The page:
Report: Distributed Solar Energy Can Strengthen California’s Aging Grid, Save $1.4 Billion Each Year

Transmission and distribution costs can now make up half of an electric bill as utilities struggle with aging infrastructure, an increased threat of extreme weather, and the real threat of a cyber attack. Relatively little change has occurred to the structure of the power grid in the last decade, and the system is designed to favor large, utility investments that are recovered by increasing electricity rates.

But a new report from SolarCity shows how structuring the grid to embrace distributed energy resources like solar energy can save money while hardening the electric power grid in California. The aging grid requires a larger investment than seen in recent history, and the report finds the logical, cheapest option is to redesign the grid to “harnesses the full potential of distributed energy resources such as rooftop solar, smart inverters, energy storage, energy efficiency, and controllable loads.”

The report first shows how the conventional approach of rate basing upgrades will lead to skyrocketing rates with inadequate improvement, as has been seen over the last 10 years. The market and technical architecture of the grid is largely unprepared to meet challenges facing the grid.

While it would be easy to write off the report, being authored by a leading solar installer, the report uses existing industry methodologies to quantify the net societal benefits of DERs (Distributed Energy Resources). It was also given input by the respected Stoel Rives Law Firm, and Rocky Mountain Institute,

The report concludes that a well though out grid could provide customer choice, increased resiliency and reliability, improved public safety, decarbonization, and reduced cost. In fact, the report found that in California alone, increased DERs would have a societal benefit of $1.4 billion/year in just 5 years. The finding is indicative of the rapid scaling that is possible with solar energy if policies are conducive.

California, which has recently received the lowest cost solar installation ever is adjusting to the new economics of cheap solar energy, and critics say high levels of solar energy will be too expensive. There is no question that California grid operators (CAISO) and IOTs (investor owned utilities) are experiencing challenges associated with the variability associated with high levels of variable renewable energy from wind and solar.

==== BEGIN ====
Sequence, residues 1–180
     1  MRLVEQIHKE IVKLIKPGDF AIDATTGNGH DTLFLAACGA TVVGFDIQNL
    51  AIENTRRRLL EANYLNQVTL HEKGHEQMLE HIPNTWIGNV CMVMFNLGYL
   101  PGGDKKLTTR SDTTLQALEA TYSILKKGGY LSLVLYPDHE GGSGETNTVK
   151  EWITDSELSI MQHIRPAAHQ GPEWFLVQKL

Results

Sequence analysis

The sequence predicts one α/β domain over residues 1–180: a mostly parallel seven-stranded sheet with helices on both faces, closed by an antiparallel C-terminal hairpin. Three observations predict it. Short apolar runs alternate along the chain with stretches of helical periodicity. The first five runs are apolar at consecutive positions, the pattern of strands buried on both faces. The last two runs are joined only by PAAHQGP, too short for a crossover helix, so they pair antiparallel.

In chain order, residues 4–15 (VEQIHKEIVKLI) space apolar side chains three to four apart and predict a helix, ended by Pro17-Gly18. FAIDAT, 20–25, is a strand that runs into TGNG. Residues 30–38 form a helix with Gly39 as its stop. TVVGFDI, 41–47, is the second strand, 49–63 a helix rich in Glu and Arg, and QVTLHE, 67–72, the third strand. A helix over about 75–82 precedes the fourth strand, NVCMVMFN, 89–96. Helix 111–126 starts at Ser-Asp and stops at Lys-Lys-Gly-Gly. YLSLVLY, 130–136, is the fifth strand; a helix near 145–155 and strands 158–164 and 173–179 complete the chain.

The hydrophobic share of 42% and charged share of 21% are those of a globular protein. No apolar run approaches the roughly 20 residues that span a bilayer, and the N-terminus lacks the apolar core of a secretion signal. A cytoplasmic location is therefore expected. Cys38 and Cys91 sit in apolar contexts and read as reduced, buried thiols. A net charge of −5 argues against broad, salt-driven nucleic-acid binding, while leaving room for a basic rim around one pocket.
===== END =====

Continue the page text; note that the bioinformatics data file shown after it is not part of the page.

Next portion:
For example, the  Duck Curve below shows the challenge of increased generation that doesn’t correlate with peak demand:

california duck curve

One way to address the challenge without abandoning renewable energy is introducing solar-storage combinations that make solar a dispatchable asset.  California is a global leader in energy storage technologies, with the CalCharge initiative and world leading research institutions like UCSD.

SolarCity and Tesla recently teamed up to on an affordable solar plus storage offering for Hawaii, who is even further challenged by variable generators than California.

Another challenge is large scale industry that is unable to “get out of the way” when cheap, renewable energy is not available. An example is the new Poseidon Desalination Plant near San Diego (Carlsbad), which requires a constant 38 megawatts.

Key Takeaways

  1. Distributed energy resources offer net economic benefits to society worth more than $1.4 billion per year in California alone by 2020, including benefits related to voltage and power quality, conservation voltage reduction, grid reliability and resiliency, equipment life extension, and reduced energy prices. SolarCity Grid Engineering | | Page 3
  2. To realize these benefits, the utility regulatory incentive model must change to take advantage of customer choices to manage their own energy. Utility incentives should promote best-fit, least-cost investment decisions regardless of service supplier – eliminating the current bias toward utility-owned investments.
  3. Utility planning approaches must also be modernized to capture these benefits. Utilization of an integrated distribution planning framework will unlock the economic promise of distributed energy resources, while widely sharing utility grid data in standard data formats will invite broader stakeholder engagement and competition.

Recommendations and Next Steps

Our ultimate goal is to help provide concrete evidence and recommendations needed by regulators, legislatures, utilities, DER providers, and industry stakeholders to transition to a cleaner, more affordable and resilient grid. While the details of implementing these recommendations would vary from state to state, we see the following as promising steps forward for all industry stakeholders in modernizing our grid:

  1. Future regulatory proceedings and policy venues related to capturing the benefits of DERs should incorporate the expanded benefit and cost categories identified in this paper.
  2. Regulators should look for near-term opportunities to modernize the utility incentive model, either for all utility earnings or at a minimum for demonstration projects, to eliminate the bias toward utility-owned investments.
  3. Regulators should require utilities to modernize their planning processes to integrate and leverage distributed energy resources, utilizing the integrated distribution planning process identified in this paper.
  4. Regulators should require utilities to categorize all planned distribution investments in terms of the underlying grid need. Utilities should make data available electronically to industry, ideally in a machine-readable format.
See also: Transmission Charges Penalize Local Clean Power in California
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